In her decision, the judge barred the State Election Commission from certifying the results of the election until she makes a final ruling, but set no timetable for her decision.
The amendment was listed on the November 2nd election ballot as State Question 755 (SQ 755), and passed with 70 percent of the vote.
The Times quoted from Miles-LaGranges statement:
While defendants contend that the amendment is merely a choice-of-law provision that bans state courts from applying the law of other nations or cultures regardless of what faith they may be based on, if any the actual language of the amendment reasonably, and perhaps more reasonably, may be viewed as specifically singling out Shariah law, conveying a message of disapproval of [the] plaintiffs faith.
The plaintiff in the case is Muneer Awad, the executive director of the Oklahoma chapter of the Council on American-Islamic Relations.
BBC News reported that in her ruling, Judge Miles-Lagrange said Awad had shown he would have suffered an "injury, specifically, an invasion of his First Amendment rights" if the results of Question 755 were certified.
The judge concluded that Shariah law lacks a legal character and is not law but is religious traditions that differ among Muslims. Therefore, she noted, the amendment conveys a message of disapproval of plaintiffs faith and, consequently, has the effect of inhibiting plaintiffs religion.
A report in NewsOK.com stated that the amendment describes Shariah law as Islamic law based on the Quran and the teaching of Mohammed.
NewsOK reported that Miles-LaGrange initially blocked the state Election Board from certifying the SQ 755 results on November 8, and her latest ruling merely continues that freeze.
Quoting state Sen. Anthony Sykes (R-Moore), a key supporter of the measure, the report continued, I was disappointed but not surprised. We look forward to working with the [state Attorney Generals] office on it.
The reported further cited the judges decision, in which she quoted from a 1943 U.S. Supreme Court decision, writing:
Ones right to life, liberty, and property, to free speech, a free press, freedom of worship and assembly, and other fundamental rights may not be submitted to vote; they depend on the outcome of no elections.
NewsOK also quoted Republican state Rep. Rex Duncan, who called what has been informally named the Save Our State amendment a pre-emptive strike ... against a growing threat.
A leading supporter of the constitutional amendment effort to ban Sharia law in Oklahoma has been Pastor Paul Blair of the Fairview Baptist Church in Edmond, a suburb of Oklahoma City. During an interview posted on The Take Away website, Pastor Blair said:
Over the last decade, we've seen what's called "creeping Sharia," creeping ever so slowly and taking control of European nations.... We believe that if you're going to live in America, you should be governed by federal law or by state law.
Of course, the first law in our nation was individual state law, created in the days when not so much of the states' sovereignty had been usurped by over-reaching federal judges such as Vicki Miles-LaGrange. With the singular exception of Louisiana (whose legal system is based partially on the French and Spanish codes in force during its colonial era) the laws of our states are based on English common law. All such state law, however, was based on that of Christian Europe.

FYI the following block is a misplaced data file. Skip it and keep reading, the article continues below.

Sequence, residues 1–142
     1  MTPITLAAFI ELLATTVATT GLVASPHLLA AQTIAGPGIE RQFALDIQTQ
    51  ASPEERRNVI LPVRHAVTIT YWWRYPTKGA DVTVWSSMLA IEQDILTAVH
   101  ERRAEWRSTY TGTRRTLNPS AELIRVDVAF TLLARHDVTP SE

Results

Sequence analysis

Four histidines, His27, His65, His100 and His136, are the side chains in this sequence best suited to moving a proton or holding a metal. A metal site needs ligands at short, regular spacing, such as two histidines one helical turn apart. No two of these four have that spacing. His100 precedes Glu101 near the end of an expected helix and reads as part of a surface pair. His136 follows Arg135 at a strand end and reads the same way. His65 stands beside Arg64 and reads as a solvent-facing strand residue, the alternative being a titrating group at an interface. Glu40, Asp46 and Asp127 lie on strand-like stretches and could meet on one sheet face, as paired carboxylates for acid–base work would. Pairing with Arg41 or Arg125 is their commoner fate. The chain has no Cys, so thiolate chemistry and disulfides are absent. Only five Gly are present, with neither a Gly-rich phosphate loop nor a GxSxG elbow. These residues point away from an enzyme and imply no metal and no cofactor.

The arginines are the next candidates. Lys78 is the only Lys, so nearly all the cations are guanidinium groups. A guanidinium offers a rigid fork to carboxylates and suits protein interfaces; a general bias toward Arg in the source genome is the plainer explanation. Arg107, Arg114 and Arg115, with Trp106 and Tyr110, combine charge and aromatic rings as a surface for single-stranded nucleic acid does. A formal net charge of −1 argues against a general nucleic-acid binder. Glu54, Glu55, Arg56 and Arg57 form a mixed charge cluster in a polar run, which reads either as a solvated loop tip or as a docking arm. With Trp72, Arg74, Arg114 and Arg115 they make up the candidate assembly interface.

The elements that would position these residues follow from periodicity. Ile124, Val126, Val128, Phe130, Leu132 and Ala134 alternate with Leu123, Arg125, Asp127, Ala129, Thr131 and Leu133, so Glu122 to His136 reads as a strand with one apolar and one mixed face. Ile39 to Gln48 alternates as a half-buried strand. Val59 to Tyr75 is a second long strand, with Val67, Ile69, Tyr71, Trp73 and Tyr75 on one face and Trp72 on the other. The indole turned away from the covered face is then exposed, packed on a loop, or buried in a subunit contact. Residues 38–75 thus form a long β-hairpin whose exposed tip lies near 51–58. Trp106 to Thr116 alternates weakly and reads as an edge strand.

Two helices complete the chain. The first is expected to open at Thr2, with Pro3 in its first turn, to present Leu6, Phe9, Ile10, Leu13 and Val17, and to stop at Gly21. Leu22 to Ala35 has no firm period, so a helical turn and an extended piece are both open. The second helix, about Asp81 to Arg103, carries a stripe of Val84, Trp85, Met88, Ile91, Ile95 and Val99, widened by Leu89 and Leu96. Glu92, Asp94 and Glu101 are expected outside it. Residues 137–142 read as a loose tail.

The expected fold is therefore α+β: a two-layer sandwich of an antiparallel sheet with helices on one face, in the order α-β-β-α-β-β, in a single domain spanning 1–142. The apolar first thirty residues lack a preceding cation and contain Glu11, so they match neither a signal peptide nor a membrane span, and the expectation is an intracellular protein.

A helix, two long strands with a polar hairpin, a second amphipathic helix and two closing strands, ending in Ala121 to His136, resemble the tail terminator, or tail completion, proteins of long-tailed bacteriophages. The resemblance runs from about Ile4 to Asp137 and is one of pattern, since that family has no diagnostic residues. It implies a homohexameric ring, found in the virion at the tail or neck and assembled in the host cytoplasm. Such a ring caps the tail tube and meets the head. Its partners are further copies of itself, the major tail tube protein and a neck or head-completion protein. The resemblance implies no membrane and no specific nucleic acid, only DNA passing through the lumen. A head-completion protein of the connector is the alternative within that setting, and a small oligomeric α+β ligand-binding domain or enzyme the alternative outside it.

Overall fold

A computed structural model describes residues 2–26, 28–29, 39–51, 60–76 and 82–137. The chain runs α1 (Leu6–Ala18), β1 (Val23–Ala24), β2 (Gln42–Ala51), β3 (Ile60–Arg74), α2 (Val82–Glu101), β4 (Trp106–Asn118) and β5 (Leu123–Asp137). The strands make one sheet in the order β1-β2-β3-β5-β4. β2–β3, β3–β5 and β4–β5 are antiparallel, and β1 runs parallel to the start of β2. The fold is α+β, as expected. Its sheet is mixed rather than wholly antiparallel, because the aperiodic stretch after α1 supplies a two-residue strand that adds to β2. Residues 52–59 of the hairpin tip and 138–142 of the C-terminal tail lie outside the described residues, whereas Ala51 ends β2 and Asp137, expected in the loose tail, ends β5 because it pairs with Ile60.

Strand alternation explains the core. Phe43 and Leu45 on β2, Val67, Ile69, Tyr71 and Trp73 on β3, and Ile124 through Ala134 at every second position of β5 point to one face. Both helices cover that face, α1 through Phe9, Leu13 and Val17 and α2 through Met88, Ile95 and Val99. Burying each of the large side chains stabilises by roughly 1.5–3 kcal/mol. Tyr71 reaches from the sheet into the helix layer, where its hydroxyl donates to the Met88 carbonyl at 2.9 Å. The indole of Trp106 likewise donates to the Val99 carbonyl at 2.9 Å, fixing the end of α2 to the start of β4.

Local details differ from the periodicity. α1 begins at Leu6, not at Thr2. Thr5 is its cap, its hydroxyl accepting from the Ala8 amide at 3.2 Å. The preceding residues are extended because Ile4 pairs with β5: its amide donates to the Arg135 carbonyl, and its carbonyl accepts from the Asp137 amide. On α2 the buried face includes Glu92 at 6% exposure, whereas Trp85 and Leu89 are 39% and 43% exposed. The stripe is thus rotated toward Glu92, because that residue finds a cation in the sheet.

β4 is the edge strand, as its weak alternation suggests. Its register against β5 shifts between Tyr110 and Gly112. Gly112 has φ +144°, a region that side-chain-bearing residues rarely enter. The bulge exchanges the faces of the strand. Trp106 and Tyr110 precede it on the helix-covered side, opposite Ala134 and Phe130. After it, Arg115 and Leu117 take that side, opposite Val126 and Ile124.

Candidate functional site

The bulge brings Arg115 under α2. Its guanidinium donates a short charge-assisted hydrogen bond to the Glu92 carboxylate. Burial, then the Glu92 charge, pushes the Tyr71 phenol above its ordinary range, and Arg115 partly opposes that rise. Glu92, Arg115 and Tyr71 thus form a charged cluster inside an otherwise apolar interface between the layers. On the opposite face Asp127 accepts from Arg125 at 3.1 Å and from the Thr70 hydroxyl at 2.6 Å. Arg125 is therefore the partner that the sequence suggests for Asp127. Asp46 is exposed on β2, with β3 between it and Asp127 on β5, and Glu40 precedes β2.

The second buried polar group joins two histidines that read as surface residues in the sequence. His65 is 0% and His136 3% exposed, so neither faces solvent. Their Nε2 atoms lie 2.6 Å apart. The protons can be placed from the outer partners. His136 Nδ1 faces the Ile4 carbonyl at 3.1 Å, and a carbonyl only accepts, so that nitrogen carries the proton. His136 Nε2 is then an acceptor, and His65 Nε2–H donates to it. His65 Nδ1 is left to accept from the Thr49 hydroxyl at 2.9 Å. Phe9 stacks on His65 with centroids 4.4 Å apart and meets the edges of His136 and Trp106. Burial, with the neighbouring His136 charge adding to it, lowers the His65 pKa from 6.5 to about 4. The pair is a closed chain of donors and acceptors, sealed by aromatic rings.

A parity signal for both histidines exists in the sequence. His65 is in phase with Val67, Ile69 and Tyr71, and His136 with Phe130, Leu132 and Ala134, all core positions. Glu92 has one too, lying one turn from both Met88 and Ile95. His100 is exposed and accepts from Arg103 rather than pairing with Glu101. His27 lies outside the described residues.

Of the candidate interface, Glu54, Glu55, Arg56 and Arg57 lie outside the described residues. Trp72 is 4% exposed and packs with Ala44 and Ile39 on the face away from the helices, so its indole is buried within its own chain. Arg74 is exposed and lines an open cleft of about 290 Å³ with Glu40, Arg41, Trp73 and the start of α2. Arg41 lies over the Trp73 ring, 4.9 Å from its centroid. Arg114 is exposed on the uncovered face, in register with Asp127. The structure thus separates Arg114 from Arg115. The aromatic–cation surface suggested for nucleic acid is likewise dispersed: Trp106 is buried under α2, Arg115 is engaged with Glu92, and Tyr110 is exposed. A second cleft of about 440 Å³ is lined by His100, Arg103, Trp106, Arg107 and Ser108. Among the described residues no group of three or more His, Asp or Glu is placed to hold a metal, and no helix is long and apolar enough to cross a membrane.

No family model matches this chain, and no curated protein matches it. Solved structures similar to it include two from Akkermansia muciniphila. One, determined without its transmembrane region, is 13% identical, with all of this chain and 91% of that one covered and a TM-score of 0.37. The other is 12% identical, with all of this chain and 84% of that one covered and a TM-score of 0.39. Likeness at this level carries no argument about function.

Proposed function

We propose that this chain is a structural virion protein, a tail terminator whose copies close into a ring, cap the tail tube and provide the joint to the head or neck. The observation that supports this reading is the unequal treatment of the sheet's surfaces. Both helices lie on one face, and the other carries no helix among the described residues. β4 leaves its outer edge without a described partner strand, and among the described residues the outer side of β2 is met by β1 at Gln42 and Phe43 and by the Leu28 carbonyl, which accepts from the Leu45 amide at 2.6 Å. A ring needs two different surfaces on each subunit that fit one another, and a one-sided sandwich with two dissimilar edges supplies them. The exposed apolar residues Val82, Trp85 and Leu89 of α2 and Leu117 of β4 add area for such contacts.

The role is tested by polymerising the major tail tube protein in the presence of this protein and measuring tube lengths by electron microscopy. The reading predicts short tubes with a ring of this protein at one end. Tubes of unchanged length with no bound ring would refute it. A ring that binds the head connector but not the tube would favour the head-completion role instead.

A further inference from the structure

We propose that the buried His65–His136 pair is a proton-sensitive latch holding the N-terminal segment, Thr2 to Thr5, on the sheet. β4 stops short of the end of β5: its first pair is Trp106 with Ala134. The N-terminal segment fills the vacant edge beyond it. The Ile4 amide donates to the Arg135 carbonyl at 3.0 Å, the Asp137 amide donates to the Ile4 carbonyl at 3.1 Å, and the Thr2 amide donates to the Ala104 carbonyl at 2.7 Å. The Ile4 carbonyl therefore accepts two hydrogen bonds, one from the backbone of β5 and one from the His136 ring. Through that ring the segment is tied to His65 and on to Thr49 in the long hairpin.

Given the long history of federal U.S. courts insistence upon separation of church and state (though such language appears nowhere in our Constitution), it is difficult to determine exactly upon what grounds judge Miles-LaGrange decided that the proposed amendment would constitute an invasion of [Mr. Awads] First Amendment rights."
If we take a strict interpretation of the First Amendments prohibition against Congress (the states are never mentioned) making a law respecting an establishment of religion, then it would seem that banning Sharia law would accomplish exactly that end. It appears obvious that allowing legal precedent based upon the tenets of a particular religion would constitute establishing religion more so than (for example) allowing prayer in municipal schools or allowing a Christmas manger in the town square. So by banning such legal recognition of Sharia law, the state would merely be following the proscription set forth in the First Amendment.
And if we interpret the First Amendment more loosely (as more liberal judges are wont to do) and apply it not only to Congress but to state and municipal governments and also regard any public expression of religion by government (or even private expression on government property) as a violation of separation of church and state then allowing for Sharia law must certainly be the most egregious violation of the amendment on record! Are the sectarian religious laws of other faiths so recognized? Can an Orthodox Jew be taken to court for failing to keep kosher? Can a Catholic be sued in court for failing to fast during Lent? Can an evangelical Protestant be fined for failing to spend sufficient time reading the Bible each day?
Considering such examples, it is obvious that government recognition of Sharia law at any level amounts to giving preferential treatment to Islam, and that Oklahomas state constitutional amendment banning Sharia is merely a proactive defense against potential violations of the First Amendment, which would occur at the expense of the vast majority of the states citizens.
Rotator photo: Gadeir Abbas, Legal Advisor Council on American Islamic Relations (CAIR), answers a question during a news conference concerning a recently passed Oklahoma ballot measure prohibiting state courts from considering international law or Islamic law when deciding cases, in Oklahoma City, Nov. 4, 2010. At left (and above thumbnail photo) is Muneer Awad, Executive Director Council on American-Islamic Relations Oklahoma Chapter: AP Images